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A weblog from the editors of Linebreak

The regulars

Ash Bowen's poetry has appeared in Crab Orchard Review, Blackbird, and Black Warrior Review, among other publications. He lives and works in Texarkana, AR.

Jennifer Jabaily's poetry has appeared in Mannequin Envy and Fickle Muses. She's a second-year MFA student at the University of Arkansas in Fayetteville.

Ashley Anna McHugh is a third-year MFA student at the University of Arkansas in Fayetteville. Her poems have appeared or are forthcoming in Measure, DIAGRAM and Memorious as well as other publications.

Johnathon Williams's poetry has appeared in Best New Poets 2009, the Pebble Lake Review, and Unsplendid. He lives in Fayetteville, AR, with his wife and daughters.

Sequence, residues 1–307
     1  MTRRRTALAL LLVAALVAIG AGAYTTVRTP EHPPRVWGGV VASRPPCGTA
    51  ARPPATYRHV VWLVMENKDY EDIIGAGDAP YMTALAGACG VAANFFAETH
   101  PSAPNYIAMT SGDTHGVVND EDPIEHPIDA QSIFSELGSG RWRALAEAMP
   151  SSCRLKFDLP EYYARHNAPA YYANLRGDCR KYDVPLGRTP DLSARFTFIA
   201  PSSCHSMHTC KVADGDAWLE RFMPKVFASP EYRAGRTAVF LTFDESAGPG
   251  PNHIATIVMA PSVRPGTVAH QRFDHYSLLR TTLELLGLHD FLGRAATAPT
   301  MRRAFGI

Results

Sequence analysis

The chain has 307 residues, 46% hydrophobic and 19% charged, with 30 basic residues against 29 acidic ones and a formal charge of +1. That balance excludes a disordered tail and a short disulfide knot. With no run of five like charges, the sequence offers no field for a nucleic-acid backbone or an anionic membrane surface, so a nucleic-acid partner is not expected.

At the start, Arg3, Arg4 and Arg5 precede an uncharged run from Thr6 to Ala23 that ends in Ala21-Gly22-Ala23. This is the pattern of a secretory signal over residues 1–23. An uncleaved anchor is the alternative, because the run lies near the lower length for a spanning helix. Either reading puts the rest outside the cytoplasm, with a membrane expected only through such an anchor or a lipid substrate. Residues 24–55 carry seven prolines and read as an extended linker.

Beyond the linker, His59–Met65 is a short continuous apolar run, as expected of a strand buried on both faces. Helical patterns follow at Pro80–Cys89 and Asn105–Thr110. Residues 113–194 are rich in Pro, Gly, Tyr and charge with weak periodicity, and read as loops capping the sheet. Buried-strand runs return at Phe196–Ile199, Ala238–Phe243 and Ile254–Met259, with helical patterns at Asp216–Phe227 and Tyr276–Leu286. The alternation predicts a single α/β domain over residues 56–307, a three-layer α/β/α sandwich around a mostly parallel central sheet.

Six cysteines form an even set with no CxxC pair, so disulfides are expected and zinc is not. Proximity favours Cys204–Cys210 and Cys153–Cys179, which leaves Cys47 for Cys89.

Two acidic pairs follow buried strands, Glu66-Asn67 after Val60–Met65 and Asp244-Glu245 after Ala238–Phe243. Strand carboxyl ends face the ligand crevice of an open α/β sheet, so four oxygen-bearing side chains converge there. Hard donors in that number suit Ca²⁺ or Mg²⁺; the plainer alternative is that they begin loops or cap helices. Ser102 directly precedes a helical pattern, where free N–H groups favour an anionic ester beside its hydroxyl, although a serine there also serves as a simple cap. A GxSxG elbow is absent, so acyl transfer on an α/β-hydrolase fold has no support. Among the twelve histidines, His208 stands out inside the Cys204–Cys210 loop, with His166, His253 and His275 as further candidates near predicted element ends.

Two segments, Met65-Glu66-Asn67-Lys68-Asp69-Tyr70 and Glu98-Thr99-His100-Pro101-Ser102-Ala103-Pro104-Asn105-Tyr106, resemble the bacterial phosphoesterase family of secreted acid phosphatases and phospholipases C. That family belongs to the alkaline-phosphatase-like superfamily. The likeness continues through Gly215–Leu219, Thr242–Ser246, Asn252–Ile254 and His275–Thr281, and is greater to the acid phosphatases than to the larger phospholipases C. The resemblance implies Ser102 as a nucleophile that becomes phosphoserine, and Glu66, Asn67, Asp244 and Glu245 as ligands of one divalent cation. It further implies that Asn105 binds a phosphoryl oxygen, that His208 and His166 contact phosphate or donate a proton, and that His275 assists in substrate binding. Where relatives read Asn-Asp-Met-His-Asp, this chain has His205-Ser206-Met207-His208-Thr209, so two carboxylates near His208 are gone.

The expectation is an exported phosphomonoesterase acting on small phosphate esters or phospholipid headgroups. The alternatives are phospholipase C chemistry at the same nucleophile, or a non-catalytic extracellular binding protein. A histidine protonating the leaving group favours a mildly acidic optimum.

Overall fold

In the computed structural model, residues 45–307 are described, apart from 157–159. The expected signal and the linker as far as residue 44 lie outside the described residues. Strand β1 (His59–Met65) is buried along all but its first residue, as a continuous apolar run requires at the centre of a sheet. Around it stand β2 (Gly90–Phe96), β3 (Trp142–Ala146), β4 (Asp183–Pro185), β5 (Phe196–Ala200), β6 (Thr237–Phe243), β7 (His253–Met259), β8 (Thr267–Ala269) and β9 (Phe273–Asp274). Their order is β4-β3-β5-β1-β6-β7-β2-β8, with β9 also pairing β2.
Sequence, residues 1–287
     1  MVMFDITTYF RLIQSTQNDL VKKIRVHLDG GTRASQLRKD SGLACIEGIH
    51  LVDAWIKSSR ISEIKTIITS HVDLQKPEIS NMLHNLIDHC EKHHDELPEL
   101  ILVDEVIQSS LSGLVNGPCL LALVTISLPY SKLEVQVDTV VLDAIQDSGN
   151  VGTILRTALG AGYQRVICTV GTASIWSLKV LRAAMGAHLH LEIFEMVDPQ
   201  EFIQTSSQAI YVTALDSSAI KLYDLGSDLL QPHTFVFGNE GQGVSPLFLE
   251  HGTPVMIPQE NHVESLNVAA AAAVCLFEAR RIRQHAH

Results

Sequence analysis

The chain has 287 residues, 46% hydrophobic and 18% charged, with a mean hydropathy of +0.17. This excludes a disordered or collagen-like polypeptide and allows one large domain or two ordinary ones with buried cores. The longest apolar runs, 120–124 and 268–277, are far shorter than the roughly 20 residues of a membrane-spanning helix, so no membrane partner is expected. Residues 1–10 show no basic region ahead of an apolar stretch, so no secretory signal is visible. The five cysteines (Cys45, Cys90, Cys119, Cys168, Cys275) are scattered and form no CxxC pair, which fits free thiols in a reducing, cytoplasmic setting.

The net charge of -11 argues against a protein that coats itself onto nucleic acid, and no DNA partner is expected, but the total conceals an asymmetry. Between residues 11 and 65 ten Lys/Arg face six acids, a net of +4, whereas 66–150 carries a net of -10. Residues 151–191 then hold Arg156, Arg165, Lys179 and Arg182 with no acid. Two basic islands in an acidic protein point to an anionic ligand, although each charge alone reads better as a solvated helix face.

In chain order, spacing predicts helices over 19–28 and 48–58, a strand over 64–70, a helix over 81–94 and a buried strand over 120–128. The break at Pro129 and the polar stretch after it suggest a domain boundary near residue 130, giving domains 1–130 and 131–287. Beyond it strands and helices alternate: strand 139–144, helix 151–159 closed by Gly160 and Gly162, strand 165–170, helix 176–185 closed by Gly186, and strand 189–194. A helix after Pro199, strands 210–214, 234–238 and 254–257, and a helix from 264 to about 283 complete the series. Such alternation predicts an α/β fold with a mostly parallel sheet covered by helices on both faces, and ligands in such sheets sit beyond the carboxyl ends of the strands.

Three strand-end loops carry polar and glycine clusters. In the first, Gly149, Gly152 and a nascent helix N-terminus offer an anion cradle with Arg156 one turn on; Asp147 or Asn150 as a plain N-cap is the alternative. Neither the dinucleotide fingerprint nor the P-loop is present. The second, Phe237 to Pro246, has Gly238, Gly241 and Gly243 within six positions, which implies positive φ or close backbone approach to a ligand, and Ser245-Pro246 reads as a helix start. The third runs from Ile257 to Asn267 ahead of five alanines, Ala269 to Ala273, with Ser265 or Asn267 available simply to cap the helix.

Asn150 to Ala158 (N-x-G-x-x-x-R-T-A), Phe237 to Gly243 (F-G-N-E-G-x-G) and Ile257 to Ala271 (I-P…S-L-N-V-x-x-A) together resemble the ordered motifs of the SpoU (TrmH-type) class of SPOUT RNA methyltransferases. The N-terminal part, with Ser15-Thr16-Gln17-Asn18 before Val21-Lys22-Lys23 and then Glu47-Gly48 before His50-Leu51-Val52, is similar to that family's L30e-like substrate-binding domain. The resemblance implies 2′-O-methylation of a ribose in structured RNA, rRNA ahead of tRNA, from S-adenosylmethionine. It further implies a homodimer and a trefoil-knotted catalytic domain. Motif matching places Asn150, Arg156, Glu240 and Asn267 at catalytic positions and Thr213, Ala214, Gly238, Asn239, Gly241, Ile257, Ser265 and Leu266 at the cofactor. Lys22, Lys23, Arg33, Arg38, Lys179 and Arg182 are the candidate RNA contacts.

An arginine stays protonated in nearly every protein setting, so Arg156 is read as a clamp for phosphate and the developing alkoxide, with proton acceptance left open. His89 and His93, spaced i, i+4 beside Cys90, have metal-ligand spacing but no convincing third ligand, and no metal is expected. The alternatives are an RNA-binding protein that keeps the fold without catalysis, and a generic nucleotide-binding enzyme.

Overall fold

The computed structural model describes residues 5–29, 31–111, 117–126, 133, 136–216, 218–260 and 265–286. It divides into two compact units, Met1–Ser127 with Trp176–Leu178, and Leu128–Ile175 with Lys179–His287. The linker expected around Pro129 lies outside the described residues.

The Apple Tablet

No. We won’t know what Apple’s announcement is exactly until 10:00 AM Pacific time – but there’s enough speculation, all concentrated around the same general assumptions, that the possibilities of the Apple Tablet seem reasonable to consider.

According to most guesses, the Apple Tablet will be an e-book reader – although not a device dedicated to reading. John Gruber, over at Daring Fireball, has this to say:

If you’re thinking The Tablet is just a big iPhone, or just Apple’s take on the e-reader, or just a media player, or just anything, I say you’re thinking too small — the equivalent of thinking that the iPhone was going to be just a click wheel iPod that made phone calls. I think The Tablet is nothing short of Apple’s reconception of personal computing.

But a quote from Steve Jobs mentioned in this essay implies that he has little interest in e-book readers: “People don’t read anymore. Forty percent of the people in the US read one book or less last year.”